What we know (and don't) about the Galaxy's Edge opening

March 7, 2019, 8:24 PM · After today's announcements and the reactions, let's recap what we know — and don't — about the impending openings of Disney's Star Wars: Galaxy's Edge lands.

In case you missed the announcement, Disney CEO Bob Iger said this morning that Galaxy's Edge would open on May 31 at Disneyland and August 29 at Disney's Hollywood Studios at the Walt Disney World Resort. But the lands' biggest attraction, the Star Wars: Rise of the Resistance ride, won't open on those dates, debuting instead "later this year." And visitors to the Disneyland installation will need to get an advance reservation to enter the land between May 31 and June 23.

So we are getting a phased opening, starting with reservation-only visits before a public debut on June 24, then a full opening with both attractions later in 2019. Walt Disney World is skipping the reservations phase, moving directly to the public opening on August 29, followed by the full opening later.

Today's announcement means that — unless another park does something stupid — there will be no conflict with competing attractions opening at the same time, as we are seeing later this month with Legoland Florida and SeaWorld Orlando opening new kiddie lands on the same date, or as we saw in 2017 when Disney World scheduled the media event for Pandora: The World of Avatar on top of the media event for Universal Orlando's Volcano Bay. The closest thing to competition for Galaxy's Edge — the new coaster at Islands of Adventure's The Wizarding World of Harry Potter, Hagrid's Magical Creatures Motorbike Adventure — will open on June 13.

That's what we know. Here's what we don't know:

1) When Rise of the Resistance will open. If you are a family that can afford to make just one trip to see Galaxy's Edge — and want the complete experience — you still don't know when to book your trip, despite today's announcements. Perhaps that's by design. By holding back Rise of the Resistance, Disney has created a big incentive for many fans to postpone their Disney Star Wars adventure, taking some crowd-management pressure off the lands at their launch.

2) How to get one of those Disneyland reservations. The resort said that these reservations will be available at no cost, and that instructions will be forthcoming. But will annual passholders or DVC members get an early crack at the reservations, or will their reservations come from a different pool of times than those for the general public? People staying at the three on-site Disneyland hotels will get a reservation for Galaxy' Edge during their stay. But for everyone else, we're still guessing.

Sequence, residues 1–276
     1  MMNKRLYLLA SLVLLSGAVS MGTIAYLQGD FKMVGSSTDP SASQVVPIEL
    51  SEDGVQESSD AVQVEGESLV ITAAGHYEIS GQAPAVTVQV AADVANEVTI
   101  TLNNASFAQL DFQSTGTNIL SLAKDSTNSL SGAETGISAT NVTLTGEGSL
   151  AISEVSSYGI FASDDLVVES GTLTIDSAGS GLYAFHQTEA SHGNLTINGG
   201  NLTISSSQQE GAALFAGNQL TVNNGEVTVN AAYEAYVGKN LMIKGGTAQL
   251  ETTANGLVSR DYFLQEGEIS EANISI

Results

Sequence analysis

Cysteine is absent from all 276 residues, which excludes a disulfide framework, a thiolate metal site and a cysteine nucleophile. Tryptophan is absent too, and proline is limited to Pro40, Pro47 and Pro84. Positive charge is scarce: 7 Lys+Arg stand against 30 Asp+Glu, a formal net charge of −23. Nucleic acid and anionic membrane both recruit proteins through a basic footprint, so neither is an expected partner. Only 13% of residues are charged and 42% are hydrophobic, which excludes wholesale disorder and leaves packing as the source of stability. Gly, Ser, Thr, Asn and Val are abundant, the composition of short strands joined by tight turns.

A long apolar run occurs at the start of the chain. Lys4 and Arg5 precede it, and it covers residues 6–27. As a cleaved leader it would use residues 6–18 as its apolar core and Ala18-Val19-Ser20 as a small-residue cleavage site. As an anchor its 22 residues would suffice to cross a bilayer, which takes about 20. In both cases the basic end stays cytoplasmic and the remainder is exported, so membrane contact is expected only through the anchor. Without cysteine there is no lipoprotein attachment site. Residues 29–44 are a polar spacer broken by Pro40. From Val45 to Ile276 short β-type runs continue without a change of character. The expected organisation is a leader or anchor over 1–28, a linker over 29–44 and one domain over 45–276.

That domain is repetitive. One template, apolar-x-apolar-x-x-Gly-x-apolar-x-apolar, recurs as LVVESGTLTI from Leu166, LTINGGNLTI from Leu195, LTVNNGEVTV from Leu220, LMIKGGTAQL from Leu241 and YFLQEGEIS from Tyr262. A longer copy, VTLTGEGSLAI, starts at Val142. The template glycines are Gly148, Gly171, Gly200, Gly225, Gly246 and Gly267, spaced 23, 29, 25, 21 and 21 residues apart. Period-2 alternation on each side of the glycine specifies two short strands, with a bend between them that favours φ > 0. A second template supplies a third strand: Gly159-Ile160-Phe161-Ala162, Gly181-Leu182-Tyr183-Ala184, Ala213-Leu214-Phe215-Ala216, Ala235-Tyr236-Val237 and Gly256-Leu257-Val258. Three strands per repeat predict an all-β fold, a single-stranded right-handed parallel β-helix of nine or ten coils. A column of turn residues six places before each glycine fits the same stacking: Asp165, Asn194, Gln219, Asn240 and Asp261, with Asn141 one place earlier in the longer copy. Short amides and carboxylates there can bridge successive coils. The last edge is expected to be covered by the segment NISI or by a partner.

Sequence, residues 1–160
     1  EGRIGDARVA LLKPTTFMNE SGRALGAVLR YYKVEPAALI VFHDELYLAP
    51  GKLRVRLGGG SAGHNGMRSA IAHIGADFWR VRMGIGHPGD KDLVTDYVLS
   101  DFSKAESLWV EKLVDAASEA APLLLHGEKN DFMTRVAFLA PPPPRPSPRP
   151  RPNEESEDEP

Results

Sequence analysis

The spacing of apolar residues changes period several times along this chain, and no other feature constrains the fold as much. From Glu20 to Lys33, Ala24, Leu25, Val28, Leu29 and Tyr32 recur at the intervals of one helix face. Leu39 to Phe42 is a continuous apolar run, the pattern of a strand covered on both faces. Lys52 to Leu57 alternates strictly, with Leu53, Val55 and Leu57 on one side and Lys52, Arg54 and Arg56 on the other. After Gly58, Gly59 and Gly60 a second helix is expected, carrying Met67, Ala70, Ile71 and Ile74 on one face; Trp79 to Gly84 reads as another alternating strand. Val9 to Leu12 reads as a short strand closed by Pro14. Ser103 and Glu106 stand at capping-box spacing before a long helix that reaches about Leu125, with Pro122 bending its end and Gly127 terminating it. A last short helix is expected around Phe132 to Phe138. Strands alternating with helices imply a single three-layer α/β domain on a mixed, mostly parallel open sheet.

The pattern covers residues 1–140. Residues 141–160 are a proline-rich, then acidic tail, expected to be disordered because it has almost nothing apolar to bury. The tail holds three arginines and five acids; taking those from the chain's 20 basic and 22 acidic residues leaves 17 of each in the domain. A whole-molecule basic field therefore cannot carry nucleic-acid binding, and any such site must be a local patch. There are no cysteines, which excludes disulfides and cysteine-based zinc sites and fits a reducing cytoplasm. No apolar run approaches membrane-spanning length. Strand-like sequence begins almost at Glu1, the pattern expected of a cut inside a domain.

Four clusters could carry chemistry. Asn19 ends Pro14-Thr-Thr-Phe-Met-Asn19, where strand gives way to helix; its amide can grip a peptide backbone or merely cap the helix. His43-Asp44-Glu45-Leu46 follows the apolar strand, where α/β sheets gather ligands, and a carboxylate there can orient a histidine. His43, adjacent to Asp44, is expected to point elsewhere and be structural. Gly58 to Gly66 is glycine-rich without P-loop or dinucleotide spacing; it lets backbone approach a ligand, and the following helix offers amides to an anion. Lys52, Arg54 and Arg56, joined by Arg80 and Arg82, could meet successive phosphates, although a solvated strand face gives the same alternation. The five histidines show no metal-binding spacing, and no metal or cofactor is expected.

3) How people will react. Will one, moderate-capacity ride (Millennium Falcon: Smugglers Run), a first-for-Disneyland bar, a couple food stands, and stores themed to a location no one's ever heard of satisfy fans of one of the world's most popular and beloved franchises? Or will the opening of these new attractions simply amplify the hype for the debut of Rise of the Resistance?

If Disney was hoping that Galaxy's Edge would dethrone The Wizarding World of Harry Potter - Diagon Alley as the current industry favorite, reestablishing Disney as the clear creative leader in themed entertainment design, it's going to be tough for the land to do that before it's fully open. Even if what opens on May 31 blows everyone away, it's going to be tough not to defer some judgment about Galaxy's Edge until Rise of the Resistance opens and completes the land.

But as the undisputed leader in theme park attendance and revenue worldwide, Disney can afford to wait for its accolades. If holding back Rise of the Resistance keeps crowd levels manageable and the ride wows everyone when it does open, no one except a few geeks and scolds will remember the phased opening for Galaxy's Edge. Ultimately, this land will succeed or slide by (failure isn't really on the table here) on the quality of the experience it delivers. If people really love it, they will wait for it, no matter how long that takes.

And that, we know for sure.

Replies (8)

March 8, 2019 at 3:31 AM

Niles: "Ultimately, this land will succeed or slide by (failure isn't really on the table here) on the quality of the experience it delivers. If people really love it, they will wait for it, no matter how long that takes. And that, we know for sure.

I Respond: Ahhhhhh-men ...

March 8, 2019 at 7:52 AM

I think one perspective that is missing from the strategy to open all but one of the land's attractions is what would have happened if the whole land opening was pushed to later in the year. Disney knows one of it's attractions will take more time to deliver, so does it hold the opening of the most anticipated theme park land of all time and anger fans who have been promised a mid-year opening, or does it launch almost everything while perfecting its crown attraction?

To put it into perspective, let's take Diagon Alley. If the rest of the land had opened months before its primary attraction, knowing that Gringotts could have been tested further to avoid breakdowns, would it have been worth it compared to the headache that actually occurred on opening week?